How to outsmart your sweet tooth

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Overcoming a sweet tooth is something many of us struggle with, especially as sugar can be addictive and we’re constantly surrounded by it. But if you’re looking to cut back on the sweet stuff, we’ve asked David Wiener, training and nutrition specialist at fitness app Freeletics, how to go about it… 

1. Eat a Healthy Breakfast

A healthy breakfast can set the tone for nutritious food and meal choices all day long. Sugary breakfasts, like cereals, are high in carbohydrates and sugar and low in fibre, so will cause your blood sugar to spike and then quickly drop, which can lead to mid-morning cravings and snack attacks. You should aim to eat a breakfast that combines good carbs and fibre with some protein, such as poached eggs on wholegrain toast with a side of avocado.

2. Add Sweet Spices

Photo: The Healthy Chef

Sweet spices can cure your sweet tooth and trick your body into thinking you’re eating sugar. Research has shown that cinnamon can help to reduce sugar cravings by controlling blood glucose levels. This also helps to minimise insulin spikes that result after an unbalanced meal, which typically lead to increased hunger and sugar consumption. Cinnamon is great in porridge and sprinkled on sliced apple. Cloves, ginseng and fenugreek are other sweet spices that can be used to control blood sugar and sugar cravings effectively.

3. Distract Yourself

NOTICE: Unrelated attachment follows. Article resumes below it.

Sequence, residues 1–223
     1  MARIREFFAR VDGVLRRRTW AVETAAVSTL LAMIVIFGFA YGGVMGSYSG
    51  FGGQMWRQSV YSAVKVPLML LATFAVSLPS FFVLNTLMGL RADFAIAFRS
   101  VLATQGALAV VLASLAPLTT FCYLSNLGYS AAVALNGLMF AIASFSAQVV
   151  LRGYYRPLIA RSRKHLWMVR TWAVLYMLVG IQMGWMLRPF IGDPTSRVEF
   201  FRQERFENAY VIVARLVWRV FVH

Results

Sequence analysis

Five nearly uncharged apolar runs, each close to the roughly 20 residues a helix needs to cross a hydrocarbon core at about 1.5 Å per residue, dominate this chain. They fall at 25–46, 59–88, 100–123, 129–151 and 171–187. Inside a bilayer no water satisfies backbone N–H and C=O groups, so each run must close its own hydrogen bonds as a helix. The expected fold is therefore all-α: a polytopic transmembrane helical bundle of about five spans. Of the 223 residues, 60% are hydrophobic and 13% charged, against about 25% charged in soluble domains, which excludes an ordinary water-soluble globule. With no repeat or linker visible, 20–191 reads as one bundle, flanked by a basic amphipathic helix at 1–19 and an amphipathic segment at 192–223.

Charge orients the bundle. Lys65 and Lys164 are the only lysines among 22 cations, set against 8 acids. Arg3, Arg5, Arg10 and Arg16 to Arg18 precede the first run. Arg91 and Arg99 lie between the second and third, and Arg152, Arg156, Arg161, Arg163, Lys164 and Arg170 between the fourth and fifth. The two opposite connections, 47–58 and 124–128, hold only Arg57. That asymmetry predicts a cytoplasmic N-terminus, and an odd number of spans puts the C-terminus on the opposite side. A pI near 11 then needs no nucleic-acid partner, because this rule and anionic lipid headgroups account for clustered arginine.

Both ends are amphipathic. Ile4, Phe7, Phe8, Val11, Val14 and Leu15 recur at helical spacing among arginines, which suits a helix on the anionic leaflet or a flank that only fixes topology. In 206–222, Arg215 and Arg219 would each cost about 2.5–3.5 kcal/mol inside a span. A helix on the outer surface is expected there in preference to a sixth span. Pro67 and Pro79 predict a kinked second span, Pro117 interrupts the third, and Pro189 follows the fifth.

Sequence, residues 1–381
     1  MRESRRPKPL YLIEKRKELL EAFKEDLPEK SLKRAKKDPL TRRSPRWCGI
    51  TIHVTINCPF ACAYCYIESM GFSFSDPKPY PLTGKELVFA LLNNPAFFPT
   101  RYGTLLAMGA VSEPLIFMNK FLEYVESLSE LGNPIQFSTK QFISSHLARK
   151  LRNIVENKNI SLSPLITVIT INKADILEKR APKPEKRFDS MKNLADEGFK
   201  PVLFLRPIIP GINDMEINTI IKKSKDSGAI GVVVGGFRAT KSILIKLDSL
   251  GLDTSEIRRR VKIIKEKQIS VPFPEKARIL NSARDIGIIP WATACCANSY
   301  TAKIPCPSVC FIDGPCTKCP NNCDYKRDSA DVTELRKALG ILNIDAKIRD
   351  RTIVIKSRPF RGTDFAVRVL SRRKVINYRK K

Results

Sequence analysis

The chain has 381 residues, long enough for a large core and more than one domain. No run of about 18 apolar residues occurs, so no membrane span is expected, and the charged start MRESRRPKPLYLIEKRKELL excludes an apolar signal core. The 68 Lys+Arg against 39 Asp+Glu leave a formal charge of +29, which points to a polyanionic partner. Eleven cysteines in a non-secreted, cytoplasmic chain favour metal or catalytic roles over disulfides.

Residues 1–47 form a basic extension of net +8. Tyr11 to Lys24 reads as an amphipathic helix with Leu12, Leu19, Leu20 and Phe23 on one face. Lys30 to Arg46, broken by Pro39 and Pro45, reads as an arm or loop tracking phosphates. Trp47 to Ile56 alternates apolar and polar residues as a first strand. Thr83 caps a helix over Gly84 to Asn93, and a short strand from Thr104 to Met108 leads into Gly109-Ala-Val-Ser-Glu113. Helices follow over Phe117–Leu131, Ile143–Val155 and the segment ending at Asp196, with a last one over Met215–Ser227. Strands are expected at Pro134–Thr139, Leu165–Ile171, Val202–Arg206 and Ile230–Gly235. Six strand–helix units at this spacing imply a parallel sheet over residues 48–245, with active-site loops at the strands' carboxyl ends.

A lot of the time cravings can be caused by boredom, anxiety, or other emotions. When you feel a craving for something sweet, find an activity that will distract you and take your mind off food. Sometimes it can be as easy as going for a brisk walk or taking a shower to make you forget completely about the ice-cream hidden at the back of the freezer.

4. Break Bad Habits

Many people don’t feel satisfied unless they finish their meal and have a dessert, even if they don’t feel hungry. In order to prevent sweet cravings in the first place – or to successfully manage them – it’s important to understand what’s causing your craving, and whether your craving is actually a habit. For example, your dinner might be high in salt, which could make you feel like you ‘have to have’ something sweet to create balance. If it’s likely to be a habit rather than a craving, come up with a solution to try and break it; it’s a process of training your mind and learning to navigate the challenges with new choices. For example, if you don’t feel content without having something sweet after dinner, then you could try brushing your teeth.

5. Drink plenty of water

Photo: Verywell

Sometimes we confuse hunger with thirst, so whenever you think you may be peckish try drinking a glass of water and waiting 15 minutes. If this satisfies you, you were just thirsty. If you still feel your stomach grumbling, you’re probably hungry. Aim to drink 6-8 glasses of water every day – you could try mixing it up with a slice of fruit or cucumber, or herbal teas such as peppermint or green tea.

6. Eat little and often

When you skip a meal or refrain from eating, sooner or later you will get so hungry you will end up overeating or reaching for quick high sugar fix such as a chocolate bar. Instead, aim for three meals and two snacks spread out throughout the day. Try to ensure you consume a good quality protein source with each meal or snack to help you feel fuller for longer. A good snack to have on hand for those mid-morning or mid-afternoon blood sugar dips is a handful of almonds.

By Charlotte 

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